Insofar as material SDC 39.0701 provides that "Whoever shall, at the request of the owner or the duly authorized agent or representative of the owner, or of any contractor or subcontractor, furnish skill, labor, services * * * equipment, or materials for the improvement, development, or operation of property * * * shall have a first lien thereon * * * for the price or value of the same". Under this law the mere relationship of lessor and lessee of property neither makes the lessee an authorized agent of the owner nor does it create any privity of contract between the owner and a lien claimant who has contracted with the lessee. Smith v. McCoy, 58 S.D. 256, 235 N.W. 661. Of course, a lessee may become an owner's agent by virtue of the lease agreement and other related facts and circumstances. In this respect, where a lease requires or obligates a lessee to make certain improvements the lessee is generally regarded as agent of the owner for that purpose. However, where the lease merely authorizes the lessee to make alterations or improvements, the lessee is not ordinarily considered to be the agent of the owner. Union Trust Co. of Philadelphia v. Branch Mint Operating Co., 28 S.D. 549, 134 N.W. 65, and see generally 36 Am. Jur., Mechanics' Liens, § 94, p. 73, Annotations in 79 A.L.R. 962 supplemented in 163 A.L.R. 992, and 57 C.J.S. Mechanics' Liens § 65, p. 562. The lease Agreement in the present case did not obligate or require the lessee to make any specified improvements on defendant's property. It merely authorized her to make such alterations and changes as she found necessary for her purposes. The heating and ventilating unit which plaintiff installed was of this nature. It was designed to ventilate the building, take care of smoke, and to provide a constant flow of fresh heated air. As such it was useful to Mrs. Beckett in the operation of the Marshmallow Lounge. The unit is separate and distinct from the regular heating plant and is now sealed off. In making such improvement Mrs. Beckett was acting for herself and not as an authorized agent or representative of the owner.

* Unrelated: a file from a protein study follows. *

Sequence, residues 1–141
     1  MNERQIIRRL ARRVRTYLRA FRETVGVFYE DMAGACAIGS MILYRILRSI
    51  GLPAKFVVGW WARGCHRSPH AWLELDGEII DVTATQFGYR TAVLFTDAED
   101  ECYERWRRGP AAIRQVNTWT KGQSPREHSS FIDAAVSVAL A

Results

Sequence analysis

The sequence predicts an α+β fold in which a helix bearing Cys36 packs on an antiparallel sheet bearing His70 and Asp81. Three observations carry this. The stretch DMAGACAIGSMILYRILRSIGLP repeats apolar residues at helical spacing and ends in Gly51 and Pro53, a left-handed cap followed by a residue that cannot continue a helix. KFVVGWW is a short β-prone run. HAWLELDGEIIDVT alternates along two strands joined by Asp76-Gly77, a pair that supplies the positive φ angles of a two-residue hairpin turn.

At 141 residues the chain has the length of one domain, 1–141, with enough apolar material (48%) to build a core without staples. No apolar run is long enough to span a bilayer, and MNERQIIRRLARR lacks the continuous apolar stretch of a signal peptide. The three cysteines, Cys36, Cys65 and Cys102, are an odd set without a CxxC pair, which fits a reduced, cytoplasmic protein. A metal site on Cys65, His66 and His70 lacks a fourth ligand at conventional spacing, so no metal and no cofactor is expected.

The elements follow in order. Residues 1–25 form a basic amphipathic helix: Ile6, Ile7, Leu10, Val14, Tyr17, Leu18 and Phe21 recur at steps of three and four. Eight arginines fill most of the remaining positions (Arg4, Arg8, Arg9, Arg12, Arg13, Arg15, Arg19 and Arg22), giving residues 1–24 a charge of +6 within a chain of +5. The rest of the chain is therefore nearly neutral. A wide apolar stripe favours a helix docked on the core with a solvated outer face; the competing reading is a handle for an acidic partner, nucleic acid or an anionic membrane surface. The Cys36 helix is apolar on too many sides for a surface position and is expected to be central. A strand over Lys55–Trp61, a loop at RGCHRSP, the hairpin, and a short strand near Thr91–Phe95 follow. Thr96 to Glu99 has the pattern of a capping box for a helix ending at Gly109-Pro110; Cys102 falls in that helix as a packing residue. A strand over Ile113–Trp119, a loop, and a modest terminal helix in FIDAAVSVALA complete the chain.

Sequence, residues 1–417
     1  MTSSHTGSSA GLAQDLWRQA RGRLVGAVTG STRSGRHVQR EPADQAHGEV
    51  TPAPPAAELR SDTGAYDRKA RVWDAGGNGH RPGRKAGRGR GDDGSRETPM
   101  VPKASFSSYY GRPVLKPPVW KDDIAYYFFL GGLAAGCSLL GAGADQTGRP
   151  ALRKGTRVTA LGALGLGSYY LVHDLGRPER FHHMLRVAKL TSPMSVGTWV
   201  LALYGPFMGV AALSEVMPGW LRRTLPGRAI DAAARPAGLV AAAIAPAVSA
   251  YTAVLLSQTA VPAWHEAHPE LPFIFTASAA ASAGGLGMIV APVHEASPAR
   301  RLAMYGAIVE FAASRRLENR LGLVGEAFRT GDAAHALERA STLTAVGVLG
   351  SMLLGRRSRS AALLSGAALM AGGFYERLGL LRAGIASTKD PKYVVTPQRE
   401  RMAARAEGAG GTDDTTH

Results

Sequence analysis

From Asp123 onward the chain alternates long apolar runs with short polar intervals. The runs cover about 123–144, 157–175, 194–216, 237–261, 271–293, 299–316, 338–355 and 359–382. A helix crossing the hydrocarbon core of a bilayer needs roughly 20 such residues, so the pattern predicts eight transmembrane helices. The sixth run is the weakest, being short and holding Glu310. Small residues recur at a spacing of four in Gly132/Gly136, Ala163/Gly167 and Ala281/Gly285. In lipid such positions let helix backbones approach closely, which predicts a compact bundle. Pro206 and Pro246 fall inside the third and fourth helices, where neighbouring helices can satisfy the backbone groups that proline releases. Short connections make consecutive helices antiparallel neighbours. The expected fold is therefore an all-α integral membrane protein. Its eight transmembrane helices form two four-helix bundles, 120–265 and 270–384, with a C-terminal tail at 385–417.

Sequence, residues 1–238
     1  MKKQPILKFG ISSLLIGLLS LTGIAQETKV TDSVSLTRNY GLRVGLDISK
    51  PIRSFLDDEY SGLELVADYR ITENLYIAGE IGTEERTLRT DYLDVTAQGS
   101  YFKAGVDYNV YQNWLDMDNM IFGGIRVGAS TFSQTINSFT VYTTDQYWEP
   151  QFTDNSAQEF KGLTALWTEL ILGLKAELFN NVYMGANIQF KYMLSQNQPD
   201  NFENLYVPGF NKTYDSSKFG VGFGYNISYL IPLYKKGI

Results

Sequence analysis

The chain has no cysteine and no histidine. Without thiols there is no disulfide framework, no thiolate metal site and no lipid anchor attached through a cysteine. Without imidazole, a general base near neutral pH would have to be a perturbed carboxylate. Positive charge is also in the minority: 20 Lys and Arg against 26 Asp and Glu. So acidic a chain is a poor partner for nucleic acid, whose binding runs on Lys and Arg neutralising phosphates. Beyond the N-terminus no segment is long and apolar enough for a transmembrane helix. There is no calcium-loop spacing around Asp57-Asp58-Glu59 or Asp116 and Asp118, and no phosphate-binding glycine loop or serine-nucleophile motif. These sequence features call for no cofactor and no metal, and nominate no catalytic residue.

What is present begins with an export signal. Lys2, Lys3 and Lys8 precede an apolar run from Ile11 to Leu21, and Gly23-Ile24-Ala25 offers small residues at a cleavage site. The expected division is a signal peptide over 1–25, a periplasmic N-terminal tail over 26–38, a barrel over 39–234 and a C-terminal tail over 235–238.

Clifford Carnicle, the general contractor also performed work for the lessee on defendant's building during the period of February 25, 1963 to April 24, 1963. The fact, which is disputed, that he might also have requested plaintiff to perform the work for which the lien is claimed would be immaterial. Carnicle was acting as contractor for the lessee and could not bind the owner. In construing the above statute, SDC 39.0701, the words "contractor or subcontractor", of necessity, relate back to and are qualified by the word "owner". This is the wording of Section 1643, Revised Code of 1919 which is one of the laws combined into SDC 39.0701 in the Revised Code of 1939. As pointed out in Lewis v. Annie Creek Mining Co., 74 S.D. 26, 48 N.W.2d 815, "Revised or consolidated statutes will be construed as bearing the same meaning as the original statutes or sections unless the language of the revision or consolidation plainly requires a change of construction to conform to the manifest intent of the legislature." This is also the expressed intent of the 1939 Code Commission. See Vol. 1, p. 12 of the South Dakota Code of 1939. See also City of Redfield v. Wharton, 79 S.D. 557, 115 N.W.2d 329. The word "owner" of course means not only the owner of the fee but extends to any right, title and interest which the owner of buildings or improvements may have in the land on which they are situated. The lien, sale, and removal may be limited to the improvements made, SDC 39.0719 (which the trial court here permitted), or under given facts the lien may attach to the real estate as provided in SDC 39.0706, infra. See Stoneberger v. Davis, 74 S.D. 300, 51 N.W.2d 873.